Date: Tuesday 2 April, 2013
Contact: Ida Larsson
Invited speaker: Marit Westergaard, University of Tromsø
Deadline for submission: November 15, 2012
Notification of acceptance: January 20, 2013
Submission of abstracts: Easychair
Since the introduction of the principles-and-parameters theory of universal grammar (Chomsky 1981), comparative studies of syntactic phenomena have been a constant domain of inquiry from both a synchronic and a diachronic point of view. A dominant hypothesis during the 80s and early 90s was that linguistic variation is due to varying settings of parameters that determine clusters of surface properties (see e.g. Rizzi 1982, Baker 1989, Holmberg & Platzack 1995 for synchronic studies and e.g. van Kemenade 1987, Falk 1993 and Roberts 1993 for diachrony). The hypothesis predicts there to be clusters of surface effects of these deep-lying parameters in the languages of the world.
However, few attempts to identify universally valid macroparameters have been completely successful, and in many cases, grammatical properties do not seem to be linked to each other in the way that was originally suggested; the linguistic reality is simply too complex to be governed by a limited set of macroparameters (see e.g. Newmeyer 2004, Roberts & Holmberg 2005 and Baker 2008 for discussion).
Over the last decades, the focus of interest has changed from macroparameters to microvariation, and considerable progress has been made in the microcomparative work on closely related languages (or dialects) (see e.g. Kayne 2000). Large projects such as ASit on Italian dialects, FRED on English dialects, SAND on Dutch dialects, and ScanDiaSyn on Scandinavian (to name but a few) have collected a large amount of new data that has enriched the theoretical discussion of a wide range of syntactic phenomena (including e.g. doubling, negative concord, noun phrase syntax and verb placement).
The questions of synchronic syntactic variation and parameters are obviously closely tied to questions of syntactic change. However, the diachronic origin of the observed microvariation has received rather little attention. Theoretically oriented research on syntactic change has focused on questions regarding the relationship between acquisition and change (e.g. Lightfoot & Westergaard 2007), as well as grammaticalization in terms of economy principles (e.g. van Gelderen 2004).
An old matter of dispute is the question of how the gradualness of change from a diachronic perspective is represented in the formal and intrinsically non-gradual grammatical system: in terms of competing grammars (Kroch 1989 etc.) or as variation within one single grammar (Koopman 1990, Lightfoot 1991 etc.). There have, however, been few explicit attempts to address the problem of the apparent gradience of on-going change within the microcomparative paradigm.
A better understanding of both synchronic and diachronic variation, and the relation between the two, is clearly a prerequisite for more general theoretical insights in the field of syntactic change. Earlier historical studies on syntactic change now need to be re-evaluated and framed in different terms, and the variation revealed in the synchronic dialect studies needs to be related to diachrony. The results from the dialect projects clearly raise the questions: how did the observed differences between closely related varieties emerge, and how can they be explained?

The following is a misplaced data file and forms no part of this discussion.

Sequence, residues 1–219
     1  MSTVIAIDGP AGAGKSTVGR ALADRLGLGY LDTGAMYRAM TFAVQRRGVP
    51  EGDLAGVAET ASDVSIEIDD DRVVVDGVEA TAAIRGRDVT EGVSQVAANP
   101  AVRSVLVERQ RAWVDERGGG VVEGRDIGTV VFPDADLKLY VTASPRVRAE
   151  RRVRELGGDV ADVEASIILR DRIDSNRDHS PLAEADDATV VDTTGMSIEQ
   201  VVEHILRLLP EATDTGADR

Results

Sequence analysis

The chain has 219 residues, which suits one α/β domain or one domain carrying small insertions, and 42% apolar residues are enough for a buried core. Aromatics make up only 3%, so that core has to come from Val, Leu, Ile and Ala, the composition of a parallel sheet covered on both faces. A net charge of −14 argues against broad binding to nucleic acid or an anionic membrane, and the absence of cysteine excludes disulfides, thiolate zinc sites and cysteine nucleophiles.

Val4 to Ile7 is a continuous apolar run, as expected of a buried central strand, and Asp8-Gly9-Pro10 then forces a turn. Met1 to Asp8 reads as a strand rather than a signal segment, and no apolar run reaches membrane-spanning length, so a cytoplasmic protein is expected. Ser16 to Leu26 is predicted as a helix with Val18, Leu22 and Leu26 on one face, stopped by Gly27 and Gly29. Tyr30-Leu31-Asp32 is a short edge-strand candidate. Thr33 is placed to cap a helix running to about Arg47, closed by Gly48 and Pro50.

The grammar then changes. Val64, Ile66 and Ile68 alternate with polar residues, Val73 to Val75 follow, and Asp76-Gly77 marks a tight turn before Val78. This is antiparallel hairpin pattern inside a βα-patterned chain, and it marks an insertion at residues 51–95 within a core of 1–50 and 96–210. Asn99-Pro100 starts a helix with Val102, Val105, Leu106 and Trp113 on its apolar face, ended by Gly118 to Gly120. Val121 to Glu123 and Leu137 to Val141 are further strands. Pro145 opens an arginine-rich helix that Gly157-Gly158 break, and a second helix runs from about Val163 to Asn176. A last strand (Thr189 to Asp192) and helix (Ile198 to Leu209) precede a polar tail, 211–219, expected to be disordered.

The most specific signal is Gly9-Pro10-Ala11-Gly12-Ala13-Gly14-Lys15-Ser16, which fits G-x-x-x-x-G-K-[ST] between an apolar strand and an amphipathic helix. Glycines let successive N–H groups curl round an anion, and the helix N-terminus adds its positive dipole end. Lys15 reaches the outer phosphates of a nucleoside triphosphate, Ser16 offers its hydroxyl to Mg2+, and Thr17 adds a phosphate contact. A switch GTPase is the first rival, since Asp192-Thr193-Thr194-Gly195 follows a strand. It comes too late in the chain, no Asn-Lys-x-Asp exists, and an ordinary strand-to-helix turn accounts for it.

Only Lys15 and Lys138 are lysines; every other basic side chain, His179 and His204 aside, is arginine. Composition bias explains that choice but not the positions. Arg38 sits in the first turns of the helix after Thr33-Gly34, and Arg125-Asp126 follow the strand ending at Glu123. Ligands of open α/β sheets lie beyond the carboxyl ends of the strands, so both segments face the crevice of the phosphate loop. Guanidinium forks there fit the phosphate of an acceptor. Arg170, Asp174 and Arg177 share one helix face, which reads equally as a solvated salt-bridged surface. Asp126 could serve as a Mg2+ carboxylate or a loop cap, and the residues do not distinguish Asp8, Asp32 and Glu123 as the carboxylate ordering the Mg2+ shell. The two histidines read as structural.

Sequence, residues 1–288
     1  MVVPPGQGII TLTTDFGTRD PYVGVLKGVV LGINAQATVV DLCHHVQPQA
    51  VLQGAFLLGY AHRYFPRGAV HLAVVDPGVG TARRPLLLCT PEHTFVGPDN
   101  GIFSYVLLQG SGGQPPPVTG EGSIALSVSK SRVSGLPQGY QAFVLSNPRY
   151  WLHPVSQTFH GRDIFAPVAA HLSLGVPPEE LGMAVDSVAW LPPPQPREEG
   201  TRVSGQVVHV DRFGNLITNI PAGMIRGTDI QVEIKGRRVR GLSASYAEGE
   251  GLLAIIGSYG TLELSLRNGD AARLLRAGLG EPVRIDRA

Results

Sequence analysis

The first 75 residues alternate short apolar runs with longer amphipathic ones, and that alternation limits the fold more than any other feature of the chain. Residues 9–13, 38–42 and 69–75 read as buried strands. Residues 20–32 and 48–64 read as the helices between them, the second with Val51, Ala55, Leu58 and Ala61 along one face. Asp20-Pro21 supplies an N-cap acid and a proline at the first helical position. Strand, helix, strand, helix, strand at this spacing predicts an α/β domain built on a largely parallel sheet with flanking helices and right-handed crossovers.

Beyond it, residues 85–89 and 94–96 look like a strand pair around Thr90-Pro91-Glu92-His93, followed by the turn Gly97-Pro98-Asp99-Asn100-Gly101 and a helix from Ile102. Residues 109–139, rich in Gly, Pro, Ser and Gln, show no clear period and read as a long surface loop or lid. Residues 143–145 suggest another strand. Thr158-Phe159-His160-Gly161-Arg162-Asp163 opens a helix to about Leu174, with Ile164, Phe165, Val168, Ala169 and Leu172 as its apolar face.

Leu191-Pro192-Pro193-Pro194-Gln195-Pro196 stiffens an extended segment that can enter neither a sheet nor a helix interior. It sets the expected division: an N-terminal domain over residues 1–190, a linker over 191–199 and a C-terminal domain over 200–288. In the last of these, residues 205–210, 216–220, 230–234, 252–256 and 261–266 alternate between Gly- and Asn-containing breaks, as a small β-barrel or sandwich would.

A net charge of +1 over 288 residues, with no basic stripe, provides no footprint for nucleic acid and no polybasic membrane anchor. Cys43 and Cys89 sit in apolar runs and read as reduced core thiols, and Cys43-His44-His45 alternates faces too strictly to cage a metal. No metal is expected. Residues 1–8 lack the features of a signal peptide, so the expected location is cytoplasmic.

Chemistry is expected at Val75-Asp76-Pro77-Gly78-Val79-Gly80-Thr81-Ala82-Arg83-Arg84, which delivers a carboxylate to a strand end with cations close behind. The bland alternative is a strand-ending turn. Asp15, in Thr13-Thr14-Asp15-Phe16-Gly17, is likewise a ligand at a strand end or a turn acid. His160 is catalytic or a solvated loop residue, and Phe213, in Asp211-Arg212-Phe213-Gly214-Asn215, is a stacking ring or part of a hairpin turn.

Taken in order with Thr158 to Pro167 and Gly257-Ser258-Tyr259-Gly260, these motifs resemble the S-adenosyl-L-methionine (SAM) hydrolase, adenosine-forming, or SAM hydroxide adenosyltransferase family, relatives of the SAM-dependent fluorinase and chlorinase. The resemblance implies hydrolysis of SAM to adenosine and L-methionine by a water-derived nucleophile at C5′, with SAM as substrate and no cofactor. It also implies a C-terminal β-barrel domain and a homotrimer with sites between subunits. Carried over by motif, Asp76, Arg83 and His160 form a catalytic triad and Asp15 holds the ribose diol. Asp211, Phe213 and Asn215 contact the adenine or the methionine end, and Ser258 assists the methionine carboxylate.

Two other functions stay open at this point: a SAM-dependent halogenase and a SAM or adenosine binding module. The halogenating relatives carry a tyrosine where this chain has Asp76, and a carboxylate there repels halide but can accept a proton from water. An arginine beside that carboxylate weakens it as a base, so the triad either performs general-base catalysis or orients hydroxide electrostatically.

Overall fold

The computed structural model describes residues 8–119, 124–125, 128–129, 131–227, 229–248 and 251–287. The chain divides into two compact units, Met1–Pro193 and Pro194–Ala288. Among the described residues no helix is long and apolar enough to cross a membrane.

The workshop will provide a forum for discussing questions of syntactic variation and change. We hereby call for abstracts for papers that address the questions of how syntactic differences between varieties emerge, and how they can they be explained. Priority will be given to papers that address theoretical issues of linguistic change on the basis of microcomparative (historical as well as contemporary) data.
This workshop is organized with financial support from The Royal Swedish Academy of Letters, History and Antiquities.
Baker, M. 1989. Incorporation: a Theory of Grammatical Function Changing. Chicago: Chicago University Press.
Baker, M. 2008. The Macroparameter in a Microparametric World. In: T. Biberauer (ed.), The Limits of Syntactic Variation. Amsterdam: John Benjamins. Pp. 351–374.
Chomsky, N. 1981. Lectures on Government and Binding, Dordrecht: Foris.
Falk, C. 1993. Non-Referential Subjects in the History of Swedish. Diss. Lund: Institutionen för nordiska språk.
Gelderen, E. van. 2004. Grammaticalization as Economy. Amsterdam: John Benjamins.
Holmberg, A. & C. Platzack. 1995. The Role of Inflection in Scandinavian Syntax. New York & Oxford: Oxford University Press.
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Koopman, W. 1990. Word Order in Old English with Special Reference to the Verb Phrase. Diss. Amsterdam.
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Lightfoot, D. 1991. How to Set Parameters: Arguments from Language Change. Cambridge, Mass.: MIT Press.
Lightfoot, D. & M. Westergaard. 2007. Language Acquisition and Language Change: Inter- relationships. Language and Linguistics Compass 1:396–416.
Newmeyer, F. 2004. Against a parameter-setting approach to language variation. Linguistic Variation Yearbook 4:181–234.
Rizzi, L. 1982. Issues in Italian Syntax. Dordrecht: Foris.
Roberts, I. 1993. Verbs and Diachronic Syntax. A Comparative History of English and French. Dordrecht, Boston & London: Kluwer Academic Publishers.
Roberts, I. & A. Holmberg. 2005. On the role of parameters in Universal Grammar: a reply to Newmeyer. In: H. Broekhuis, N. Corver, R. Huybregts, U. Kleinhenz & Jan Koster (eds.), Organizing Grammar. Linguistic Studies in Honor of Henk van Riemsdijk. Berlin: Mouton de Gruyter.